Runner
01-06-2002, 04:15 PM
While a small percentage of losses is attributed to people moving, many times, for us, when they move, if it isn't far, they take us with them. That's always god when that happens. Sometimes, when the new people move into the original house, they continue with the service, but most of the times, I have found that with the purchase of a new house, especially one with a nice yard, for the average working class, this also brings a "fever" to do the yardwork, so often, it is ensued by the purchase of a new lawn tractor. There are the deaths, and other reasons for client turnover, but our main one is not actual "loss" of the clients, but just turnover - or "trade". What I mean by this, is that what happens, is we "price" ourselves out of the job. While more new work comes in, we price ourselves higher in the estimates, (within reason of feasibility) and if and when we get that work, and it looks like something that could be long term, we are then faced with a choice - company expansion, or selected work using profit/cost formulation. Well, expansion in the mauntenance field is NOT what I want at this time, so, that leaves job selection and editing. Within the year, (Always at the beginning of the next season) certain select jobs recieve price increases, not only to keep up with inflation, but also to maintain this profit obtaining pattern. Many, (usually the least desirable jobs) recieve higher increases to influence them to pay more, or make a change. When they inform us that we are too high, (or they are unwilling or unable to budget that amount for maintenance, then we are able to even make a recommendation for someone else for them. This works well for friends in the business. It is with this process that we are able to continue to grow in profits, without having to go into all the overhead of a larger company (who probably can/would not even make the amount of profit to overhead for that particular application. Bottom line is, What is charged? Whatever the road will bare. :cool:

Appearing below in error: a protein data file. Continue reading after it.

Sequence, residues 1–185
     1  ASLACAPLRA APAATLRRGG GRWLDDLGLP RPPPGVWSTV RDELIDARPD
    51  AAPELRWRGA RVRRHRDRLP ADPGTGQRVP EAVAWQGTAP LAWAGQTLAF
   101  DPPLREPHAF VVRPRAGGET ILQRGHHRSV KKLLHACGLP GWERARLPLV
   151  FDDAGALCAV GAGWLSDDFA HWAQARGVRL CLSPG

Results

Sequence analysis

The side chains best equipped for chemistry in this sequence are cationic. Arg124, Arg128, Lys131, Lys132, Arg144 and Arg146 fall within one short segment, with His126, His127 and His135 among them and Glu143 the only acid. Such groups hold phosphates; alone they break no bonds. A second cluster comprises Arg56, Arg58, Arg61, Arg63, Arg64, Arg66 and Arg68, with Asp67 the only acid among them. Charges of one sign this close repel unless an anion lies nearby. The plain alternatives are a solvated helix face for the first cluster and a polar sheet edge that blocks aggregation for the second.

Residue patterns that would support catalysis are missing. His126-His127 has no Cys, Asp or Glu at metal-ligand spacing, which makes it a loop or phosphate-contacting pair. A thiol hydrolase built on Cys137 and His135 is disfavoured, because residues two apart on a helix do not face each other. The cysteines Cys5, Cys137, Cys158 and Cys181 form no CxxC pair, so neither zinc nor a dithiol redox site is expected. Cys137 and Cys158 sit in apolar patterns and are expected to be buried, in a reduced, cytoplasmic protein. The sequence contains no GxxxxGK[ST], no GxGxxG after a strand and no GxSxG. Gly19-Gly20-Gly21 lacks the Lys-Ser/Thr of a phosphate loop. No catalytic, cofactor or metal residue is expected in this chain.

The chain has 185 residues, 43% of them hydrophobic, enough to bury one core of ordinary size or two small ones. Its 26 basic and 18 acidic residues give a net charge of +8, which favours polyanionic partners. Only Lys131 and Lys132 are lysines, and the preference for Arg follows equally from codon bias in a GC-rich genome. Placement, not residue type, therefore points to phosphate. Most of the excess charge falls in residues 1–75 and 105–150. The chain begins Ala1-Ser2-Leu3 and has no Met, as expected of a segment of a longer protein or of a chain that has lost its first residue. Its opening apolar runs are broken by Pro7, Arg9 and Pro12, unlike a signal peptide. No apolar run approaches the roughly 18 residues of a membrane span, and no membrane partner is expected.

thelandscaper27
01-12-2002, 11:52 AM
An incident that happend last year. An elderly lady about 55 years old No contracts involved. Anyways, we had an agreement on mowing, mulching and pruning.

She asked me what I would charge for these services.
I said $ww.ww for the pruning, $aa.aa for the mulching per bed.
All she would do is yell at me for the costs. I ask myself why???

There are alot of kids in the area. Why didn't she get a local kid next door ??? Sometimes I regret taking that job. My overhead was low at the time and those prices were low and I mean low.
I cut this lady a break that no one else would give or take the job. Once she burned me by 10.00 burned 20.00 off of her back and she didn't realize it.

I called up other LCO's in my area to get opinions about people like her. Gave them the area and street name they knew exactly who I was talking about.

I have like a pesonal policy I tell some friends of mine. You burn me once, I burn you twice. You burn me 4 times, I burn you 8 times.

I would like some advice.

When I first started, I got this book from the library called"
Operating a home-based landscaping business"
Written by someone named Owen Dell or was it Dell Owen?

He mentioned not to take on clients with attitudes or complains about other contractors because they are nothing but trouble.

Integrity
01-12-2002, 12:08 PM
We have been in the biz for three, going on four years this spring, and have only lost one customer. The one that we lost was really not worth keeping, and complained about anything and everything, no matter what. Ever had one of those??

I want our biz to stay at a size where we can still have that "personal" relationship with customer. Most of my customers are more loyal than my dog. They are willing to pay more than some "lowballer" because they know the quality of service that we provide and we always take care of their needs without cutting corners. Want to keep customer retention up? Treat them like family and they will come back to you every time.

JimLewis
01-12-2002, 01:22 PM
Landscaper27,

You asked specifically for advice. So I hope you are willing to take it, even if it's not what you want to hear.